Marco Island cancer relay raises hope, and dollars, for knockout blow against cancer

Lisa Meurgue, Hannah Adams, and Marva Sutt carry the banner to lead the survivors' lap. Over the weekend, Marco Islanders stepped out to fight cancer at the American Cancer Society's Relay for Life, held for the first time at the Marco Island Charter Middle School. Lance Shearer/Eagle Correspondent

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Lisa Meurgue, Hannah Adams, and Marva Sutt carry the banner to lead the survivors' lap. Over the weekend, Marco Islanders stepped out to fight cancer at the American Cancer Society's Relay for Life, held for the first time at the Marco Island Charter Middle School. Lance Shearer/Eagle Correspondent

— As the Survivors’ Lap got under way to kick off the 2013 American Cancer Society’s Relay for Life at noon Saturday, the scene could have been a promo for the movie “The Color Purple.” The cancer survivors wore purple T-shirts as a badge of honor, and they came in all sizes and ages, from 9 “and a half”-year-old Hannah Adams to ladies who were — well, considerably older.

The host of purple shirts and the attendant caregivers pointed out that, as survivor co-chair Judy Mayo said before the relay’s start, “cancer touches everybody.” There are few people who have not had a family member or close friend stricken by the disease, so everyone can understand the urgent need to fight the dreaded disease in all its forms.

Carrying the ceremonial banner with Hannah, survivors Lisa Meurgue, along with Marva Sutt who also sang the national anthem at the opening ceremonies, circled the field at the Marco Island Charter Middle School field. After the first lap, the survivors were joined by caregivers for the second lap, as “We Are the Champions” played over the sound system.

This year, the Marco ACS took the “fight against cancer” theme to a new level, particularly the team from the Marriott Marci Island Beach Resort. They produced cutouts of famed boxers with slogans for each, such as “Mohammed Ali knocks out colon cancer,” “Joe Frazier gives pancreatic cancer a hook,” and “George Foreman sends leukemia to the ropes.” Mike Tyson was also represented, but somehow they refrained from using “Mike Tyson takes a bite out of cancer.” Ben Batcher picked up on the pugilistic theme, walking around the circuit wearing bright red boxing gloves. “Fight like a girl,” urged Jan Harrison’s T-shirt.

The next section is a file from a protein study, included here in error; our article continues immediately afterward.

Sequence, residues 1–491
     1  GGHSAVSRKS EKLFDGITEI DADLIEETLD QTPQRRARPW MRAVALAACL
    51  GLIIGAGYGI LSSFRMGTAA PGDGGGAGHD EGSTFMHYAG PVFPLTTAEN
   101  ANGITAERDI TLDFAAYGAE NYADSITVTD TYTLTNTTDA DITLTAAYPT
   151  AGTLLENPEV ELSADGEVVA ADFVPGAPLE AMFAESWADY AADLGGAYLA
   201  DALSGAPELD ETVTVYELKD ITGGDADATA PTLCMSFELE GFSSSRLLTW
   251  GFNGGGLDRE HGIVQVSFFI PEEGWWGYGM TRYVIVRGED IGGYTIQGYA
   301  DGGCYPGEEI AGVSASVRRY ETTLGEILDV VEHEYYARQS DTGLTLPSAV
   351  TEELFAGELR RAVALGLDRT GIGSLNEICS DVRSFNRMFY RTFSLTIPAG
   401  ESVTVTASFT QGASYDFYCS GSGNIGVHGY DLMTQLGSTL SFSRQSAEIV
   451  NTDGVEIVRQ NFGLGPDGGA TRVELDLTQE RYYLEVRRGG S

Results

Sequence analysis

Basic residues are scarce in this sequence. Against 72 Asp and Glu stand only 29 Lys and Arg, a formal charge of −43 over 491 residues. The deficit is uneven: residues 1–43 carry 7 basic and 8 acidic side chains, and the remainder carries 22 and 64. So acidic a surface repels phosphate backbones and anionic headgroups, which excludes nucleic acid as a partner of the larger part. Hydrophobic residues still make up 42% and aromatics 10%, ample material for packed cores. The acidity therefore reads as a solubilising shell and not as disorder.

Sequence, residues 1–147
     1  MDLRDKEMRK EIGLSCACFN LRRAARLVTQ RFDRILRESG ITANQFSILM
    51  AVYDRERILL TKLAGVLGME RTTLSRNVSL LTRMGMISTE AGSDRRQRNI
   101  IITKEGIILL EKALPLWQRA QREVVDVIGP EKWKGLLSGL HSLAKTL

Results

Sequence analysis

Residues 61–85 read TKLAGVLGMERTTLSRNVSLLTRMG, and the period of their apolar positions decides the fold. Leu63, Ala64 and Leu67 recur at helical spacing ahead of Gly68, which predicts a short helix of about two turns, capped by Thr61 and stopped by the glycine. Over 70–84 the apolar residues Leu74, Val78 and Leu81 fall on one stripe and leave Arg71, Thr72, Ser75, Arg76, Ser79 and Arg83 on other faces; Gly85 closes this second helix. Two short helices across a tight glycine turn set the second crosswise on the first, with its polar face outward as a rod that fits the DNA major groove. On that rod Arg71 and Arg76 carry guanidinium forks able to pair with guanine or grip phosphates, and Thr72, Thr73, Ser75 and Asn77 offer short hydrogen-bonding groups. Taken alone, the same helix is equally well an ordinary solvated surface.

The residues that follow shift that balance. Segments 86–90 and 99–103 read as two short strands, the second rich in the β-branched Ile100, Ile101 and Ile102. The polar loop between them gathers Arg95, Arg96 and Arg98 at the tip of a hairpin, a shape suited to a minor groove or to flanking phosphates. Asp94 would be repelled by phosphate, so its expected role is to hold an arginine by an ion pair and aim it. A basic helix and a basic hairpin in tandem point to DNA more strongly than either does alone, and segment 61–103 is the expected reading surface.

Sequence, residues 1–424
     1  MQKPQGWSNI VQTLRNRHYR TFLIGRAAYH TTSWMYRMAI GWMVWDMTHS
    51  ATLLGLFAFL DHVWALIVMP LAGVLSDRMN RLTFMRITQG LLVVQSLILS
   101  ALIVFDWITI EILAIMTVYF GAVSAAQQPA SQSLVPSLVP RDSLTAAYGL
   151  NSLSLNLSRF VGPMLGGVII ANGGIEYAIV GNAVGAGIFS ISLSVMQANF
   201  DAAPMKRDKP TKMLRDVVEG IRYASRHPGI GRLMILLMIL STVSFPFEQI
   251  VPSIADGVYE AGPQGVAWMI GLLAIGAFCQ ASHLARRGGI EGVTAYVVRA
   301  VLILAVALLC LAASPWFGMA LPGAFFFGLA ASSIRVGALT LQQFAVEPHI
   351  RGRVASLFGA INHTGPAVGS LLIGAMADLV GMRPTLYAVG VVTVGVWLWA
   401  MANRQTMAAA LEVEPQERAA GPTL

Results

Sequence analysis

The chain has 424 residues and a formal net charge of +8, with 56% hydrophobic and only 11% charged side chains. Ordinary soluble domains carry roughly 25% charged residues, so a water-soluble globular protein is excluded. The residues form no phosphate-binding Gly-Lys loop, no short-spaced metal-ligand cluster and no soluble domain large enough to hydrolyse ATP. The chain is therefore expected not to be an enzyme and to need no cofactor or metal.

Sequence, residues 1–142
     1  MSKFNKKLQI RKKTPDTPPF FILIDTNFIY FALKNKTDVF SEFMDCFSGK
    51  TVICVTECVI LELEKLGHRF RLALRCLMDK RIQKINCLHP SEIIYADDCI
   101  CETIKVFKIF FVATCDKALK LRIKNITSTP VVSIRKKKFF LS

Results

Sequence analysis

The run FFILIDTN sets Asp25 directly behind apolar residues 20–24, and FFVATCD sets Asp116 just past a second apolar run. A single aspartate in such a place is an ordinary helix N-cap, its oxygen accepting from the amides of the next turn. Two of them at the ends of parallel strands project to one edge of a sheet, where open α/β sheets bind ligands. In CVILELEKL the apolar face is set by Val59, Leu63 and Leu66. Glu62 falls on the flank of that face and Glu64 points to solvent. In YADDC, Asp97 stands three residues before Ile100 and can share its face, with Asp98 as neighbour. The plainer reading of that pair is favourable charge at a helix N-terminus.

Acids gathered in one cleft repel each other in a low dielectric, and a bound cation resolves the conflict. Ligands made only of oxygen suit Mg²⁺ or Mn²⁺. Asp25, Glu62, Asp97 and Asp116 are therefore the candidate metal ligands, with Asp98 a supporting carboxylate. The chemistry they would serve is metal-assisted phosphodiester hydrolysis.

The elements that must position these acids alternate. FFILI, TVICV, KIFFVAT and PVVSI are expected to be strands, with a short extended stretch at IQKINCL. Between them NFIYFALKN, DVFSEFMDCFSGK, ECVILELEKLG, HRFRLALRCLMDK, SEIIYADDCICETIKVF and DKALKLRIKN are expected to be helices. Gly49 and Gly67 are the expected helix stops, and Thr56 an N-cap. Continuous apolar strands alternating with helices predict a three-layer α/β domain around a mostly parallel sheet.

The Marriott seemingly had its entire executive team out at the relay, from General Manager Rick Medwedeff, who is on the Marco ACS board, to Resident Manager Mike Tighe and Sales and Marketing Director Bob Pfeffer. Asked who was left to run the hotel, Medwedeff said this showed the depth of talent and managerial expertise at all levels of the Marriott staff.

Holding the event at MICMS marked a departure for the Relay for Life, which has been held along the beach for years. ACS executive director Lisa Honig said the move had been suggested by numerous participants, with the lengthy access route, sand blowing and the difficulty of walking on the beach cited by many survivors.

“We want to involve more people, and have a carnival atmosphere,” said Honig. The beach would have felt good on Saturday afternoon, particularly the chance to cool off with a quick dip, as the morning’s clouds and raindrops gave way to what Honig said was the hottest day of the year so far.

After the survivor and caregiver laps, those groups headed inside to the school’s air-conditioned dining room, for the survivors’ luncheon. Honig’s husband, city councilor Larry Honig, a prostate cancer survivor, sat talking with Monte Lazarus, a colon cancer survivor. Shane Totten, a 20-year leukemia survivor, ate with his family, and then went out and took the stage as part of the musical entertainment lineup.

Additional acts included local bands No Exceptions and Greenview, and at 6 p.m., headliners One Night Rodeo played their set. The relay goes on all night, with at least some teams walking continually until 6 Sunday morning, so there were additional activities, including the lighting of the luminaria at 9 p.m. and an art auction featuring paintings donated by well-known Island artists.

Relay for Life chairman Raul Medina of SunTrust Bank announced at the opening ceremonies that last year, the Marco relay raised $216,000, sixth in the state of Florida, and he was looking to move into the top five. In 2012, Relay For Life events across Florida raised more than $20 million to help cancer patients and their families in local communities and to fund lifesaving cancer research.

Sunday evening, Honig said they had met their goals and were well over the $200,000 mark, although she did not yet have a final tally. “We got a couple big donations yesterday,” she said. Once again the Hideaway Beach team topped the fundraising, with the Marriott and a few others well up in five figures.

To make your own contribution, call 239-642-8800 or email Lisa.honig@cancer.org.

© 2013 marconews.com. All rights reserved. This material may not be published, broadcast, rewritten or redistributed.

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